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Campaign to remember pioneering female hot air balloonist

A campaign has been launched for a memorial in Abney Park for a pioneering 19th century balloonist who became the first English woman to fly solo.

The Abney Park Trust and biographer Sharon Wright have joined forces to raise £5,000 for the memorial to Margaret Graham, who currently lies in an unmarked pauper’s grave.

In 1826, Margaret Graham became the first English woman to fly solo when she ascended in her balloon from Islington in north London aged just 22.

Sharon Wright, author of The Lost History of the Lady Aeronauts, said: “Margaret was a charismatic and fearless pioneer who helped make the sky an early frontier of female freedom

“When I researched her life story I found a complex, savvy, self-made woman in what is often assumed to have been a male-only realm.

“You cannot help but love Mrs Graham, mother of a large family, for her professional achievements, her determination to control her own story and her sheer hard work.”

“I was delighted when the Trust shared my enthusiasm for a memorial to this remarkable, overlooked resident. It’s high time the one and only Mrs Graham had a headstone and together, we can make that happen.”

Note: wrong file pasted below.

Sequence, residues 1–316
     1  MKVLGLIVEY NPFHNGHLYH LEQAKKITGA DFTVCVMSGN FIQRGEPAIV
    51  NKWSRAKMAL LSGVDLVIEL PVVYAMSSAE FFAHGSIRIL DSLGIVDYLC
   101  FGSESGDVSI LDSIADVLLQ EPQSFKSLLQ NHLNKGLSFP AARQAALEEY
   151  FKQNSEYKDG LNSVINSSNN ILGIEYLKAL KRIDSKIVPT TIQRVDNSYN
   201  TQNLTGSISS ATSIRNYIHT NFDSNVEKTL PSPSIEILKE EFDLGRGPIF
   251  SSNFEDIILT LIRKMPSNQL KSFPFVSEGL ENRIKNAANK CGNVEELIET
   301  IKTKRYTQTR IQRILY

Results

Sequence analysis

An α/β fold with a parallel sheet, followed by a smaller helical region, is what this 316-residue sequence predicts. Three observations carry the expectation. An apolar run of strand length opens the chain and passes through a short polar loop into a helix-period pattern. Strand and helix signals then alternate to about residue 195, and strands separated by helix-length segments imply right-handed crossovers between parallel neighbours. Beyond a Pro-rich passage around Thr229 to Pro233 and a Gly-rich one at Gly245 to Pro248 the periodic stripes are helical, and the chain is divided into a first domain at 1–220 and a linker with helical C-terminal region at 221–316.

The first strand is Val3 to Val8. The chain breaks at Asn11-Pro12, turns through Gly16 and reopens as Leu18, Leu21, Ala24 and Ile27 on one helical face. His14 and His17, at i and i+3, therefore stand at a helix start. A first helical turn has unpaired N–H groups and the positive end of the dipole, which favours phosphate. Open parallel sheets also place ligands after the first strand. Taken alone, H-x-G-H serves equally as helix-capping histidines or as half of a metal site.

As well as being a pioneer of early female flight, Mrs Graham was a celebrity and intrepid reporter who wrote gripping accounts of her aerial exploits.

More than a century and a half after her death, Stoke Newington stonemason Charlotte Ruse has been asked to create a beautiful hand-carved slate headstone to honour Mrs Graham.

It will feature a relief carving of the celebrated aeronaut in her balloon and the date she made history with her solo flight. The memorial will also feature names of the four people who share Margaret’s grave.

Tom Walker, chair of the Abney Park Trust, added: “Monument restoration and development is a key part of the Trust’s role as a guardian of this magical urban woodland and Magnificent Seven cemetery.”

About Margaret Graham

Born Margaret Watson in Walcot, Bath, in 1804, she was married to chemist and aeronaut George Graham before they settled in London.

She soon became a famous aeronaut in her own right and built an impressive career as a professional pilot over more than three decades, from the late Georgian era through to the mid-Victorian period.

In 1826, Margaret Graham became the first English woman to fly solo when she ascended in her balloon from Islington in north London aged just 22.

She was also an early and outspoken advocate of a woman’s right to fly on equal terms with men.

Graham wrote dramatic accounts of her many adventures for the press and accused critics of judging her failures – including some spectacular crashes – more harshly than those of her male counterparts.

An early mistress of “spin”, she – like other headstrong and media-savvy Abney residents – fostered a close relationship with the English press, securing column inches for her side of the story when her ascents went awry.

Yet despite a long and colourful career, England’s pre-eminent female aeronaut died impoverished aged 60.

Click here to donate to the fundraiser.


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